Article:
If you are having trouble urinating, are bothered by a weak or intermittent urinary flow, and you are a man over age 50, you could have benign prostatic hyperplasia (BPH), or an enlarged prostate. If you experience these symptoms, make an appointment with your urologist.

Normal urination is essential to normal body functioning, and only a urologist will be able to determine why things are not working right. Here’s a run-down on what to expect when you go to the doctor’s office. 

Information Needed to Diagnose an Enlarged Prostate 

When you go to your appointment, bring information on your current symptoms, as well as a written record of your past medical problems. 

You should also bring a complete list of all prescription and over-the-counter medicines that you are taking to see whether they are related to your symptoms. Certain drugs may interfere with urination. Over-the-counter medications, such as allergy and decongestant medicines, may prevent you from urinating. Other drugs that can make your symptoms more severe are opioids and anticholinergics. 

Finally, tell your doctor if you have a history of alcohol use. Alcohol can also interfere with urination.

Tests That Can Diagnose BPH

The following tests are sometimes used to diagnose BPH, but not all of them are always necessary. Your urologist will discuss with you which of these might be helpful in your case.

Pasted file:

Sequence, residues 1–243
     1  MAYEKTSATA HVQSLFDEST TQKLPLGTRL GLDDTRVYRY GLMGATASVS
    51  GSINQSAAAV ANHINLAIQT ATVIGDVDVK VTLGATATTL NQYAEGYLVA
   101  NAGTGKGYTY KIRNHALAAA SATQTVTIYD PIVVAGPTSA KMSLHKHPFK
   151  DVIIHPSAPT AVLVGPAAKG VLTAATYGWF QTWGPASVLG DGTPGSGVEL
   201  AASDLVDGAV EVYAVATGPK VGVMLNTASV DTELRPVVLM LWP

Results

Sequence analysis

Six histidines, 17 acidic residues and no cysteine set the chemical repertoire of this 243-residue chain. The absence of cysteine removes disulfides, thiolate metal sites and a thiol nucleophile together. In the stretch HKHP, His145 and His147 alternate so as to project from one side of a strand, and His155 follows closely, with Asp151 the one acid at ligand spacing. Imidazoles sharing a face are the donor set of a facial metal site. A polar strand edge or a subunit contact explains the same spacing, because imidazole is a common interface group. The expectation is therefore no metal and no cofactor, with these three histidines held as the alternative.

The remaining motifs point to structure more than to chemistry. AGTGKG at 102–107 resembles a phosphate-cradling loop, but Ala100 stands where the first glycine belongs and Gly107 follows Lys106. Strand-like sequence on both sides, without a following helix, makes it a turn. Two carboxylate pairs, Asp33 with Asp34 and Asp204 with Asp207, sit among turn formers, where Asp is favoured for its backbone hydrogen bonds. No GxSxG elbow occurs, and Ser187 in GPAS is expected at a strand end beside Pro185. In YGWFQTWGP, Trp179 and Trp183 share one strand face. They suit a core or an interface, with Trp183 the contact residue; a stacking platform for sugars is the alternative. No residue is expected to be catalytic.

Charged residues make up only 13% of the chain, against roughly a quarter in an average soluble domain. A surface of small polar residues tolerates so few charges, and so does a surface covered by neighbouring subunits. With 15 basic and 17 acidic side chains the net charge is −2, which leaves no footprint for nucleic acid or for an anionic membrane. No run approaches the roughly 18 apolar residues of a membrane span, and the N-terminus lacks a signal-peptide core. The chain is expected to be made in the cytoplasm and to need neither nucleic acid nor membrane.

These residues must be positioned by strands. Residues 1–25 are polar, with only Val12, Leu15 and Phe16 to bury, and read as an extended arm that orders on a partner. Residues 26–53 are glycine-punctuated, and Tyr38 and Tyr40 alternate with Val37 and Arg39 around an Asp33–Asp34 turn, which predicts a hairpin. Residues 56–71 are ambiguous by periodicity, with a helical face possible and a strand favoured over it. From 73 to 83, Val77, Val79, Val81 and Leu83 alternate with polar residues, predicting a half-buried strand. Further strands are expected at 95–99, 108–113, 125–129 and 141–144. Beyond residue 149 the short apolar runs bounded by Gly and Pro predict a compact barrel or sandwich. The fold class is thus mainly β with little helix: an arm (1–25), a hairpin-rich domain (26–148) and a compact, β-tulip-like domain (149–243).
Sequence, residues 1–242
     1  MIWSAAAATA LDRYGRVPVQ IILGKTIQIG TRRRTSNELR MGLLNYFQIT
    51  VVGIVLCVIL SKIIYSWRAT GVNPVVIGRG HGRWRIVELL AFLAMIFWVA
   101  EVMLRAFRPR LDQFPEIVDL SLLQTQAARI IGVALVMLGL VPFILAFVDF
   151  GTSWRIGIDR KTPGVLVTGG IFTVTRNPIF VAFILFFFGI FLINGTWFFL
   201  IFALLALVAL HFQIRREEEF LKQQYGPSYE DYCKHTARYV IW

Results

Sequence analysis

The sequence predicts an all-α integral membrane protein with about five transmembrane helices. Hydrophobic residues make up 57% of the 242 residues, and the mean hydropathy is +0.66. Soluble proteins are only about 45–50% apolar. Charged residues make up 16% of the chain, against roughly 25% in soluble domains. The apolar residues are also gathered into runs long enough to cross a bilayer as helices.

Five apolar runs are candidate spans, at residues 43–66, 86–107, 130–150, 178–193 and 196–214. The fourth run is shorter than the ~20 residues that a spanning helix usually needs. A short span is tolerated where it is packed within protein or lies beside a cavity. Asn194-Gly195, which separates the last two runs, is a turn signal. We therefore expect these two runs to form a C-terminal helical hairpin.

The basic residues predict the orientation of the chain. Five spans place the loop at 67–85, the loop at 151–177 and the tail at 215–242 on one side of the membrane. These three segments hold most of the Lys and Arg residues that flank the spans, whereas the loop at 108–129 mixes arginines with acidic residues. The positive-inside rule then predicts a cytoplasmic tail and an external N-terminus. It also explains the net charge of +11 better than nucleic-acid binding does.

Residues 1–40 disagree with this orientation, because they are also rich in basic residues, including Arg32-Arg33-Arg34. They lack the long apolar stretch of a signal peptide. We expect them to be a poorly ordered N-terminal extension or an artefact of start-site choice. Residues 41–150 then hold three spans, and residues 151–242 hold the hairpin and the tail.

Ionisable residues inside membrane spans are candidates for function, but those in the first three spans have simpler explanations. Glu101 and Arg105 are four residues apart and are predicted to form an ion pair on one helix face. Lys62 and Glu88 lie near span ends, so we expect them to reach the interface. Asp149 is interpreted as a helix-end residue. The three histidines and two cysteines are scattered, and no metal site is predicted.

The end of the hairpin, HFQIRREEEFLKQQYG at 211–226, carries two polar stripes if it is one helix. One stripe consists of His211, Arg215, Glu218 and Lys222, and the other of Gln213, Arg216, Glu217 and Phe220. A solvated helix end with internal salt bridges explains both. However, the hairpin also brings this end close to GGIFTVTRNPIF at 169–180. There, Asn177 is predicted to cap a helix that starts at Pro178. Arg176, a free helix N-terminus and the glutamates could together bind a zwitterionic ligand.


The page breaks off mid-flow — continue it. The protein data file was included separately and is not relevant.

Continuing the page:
• The American Urological Association (AUA) BPH Symptom Index
  • Urodynamic testing
  • Uroflowmetry
  • Pressure flow studies
  • The post-void residual (PVR) urine study

Ruling Out Prostate Cancer 

If you have symptoms of BPH, your doctor might also test for prostate cancer. An early examination is important because only a comprehensive exam will determine whether you have BPH, which is a benign condition, or whether you have prostate cancer, which is best to diagnose early. Important tests for detecting prostate cancer include a digital rectal examination and prostate-specific antigen test.

It is important to recognize that a high PSA reading alone does not mean that you have cancer. An elevated PSA could be a sign of a number of conditions, including BPH, or prostatitis, an inflammation of the prostate. There is no evidence that prostatitis and BPH cause cancer, but it is possible for a man to have one or both of these conditions and to develop prostate cancer as well.

If You Are Diagnosed With BPH 

Taken together, these tests will help your doctor determine whether you have BPH and if you do, how severe it is. If you have BPH, your doctor should provide you with information on whether simply monitoring your symptoms is a reasonable option, or whether treatment is a better option.

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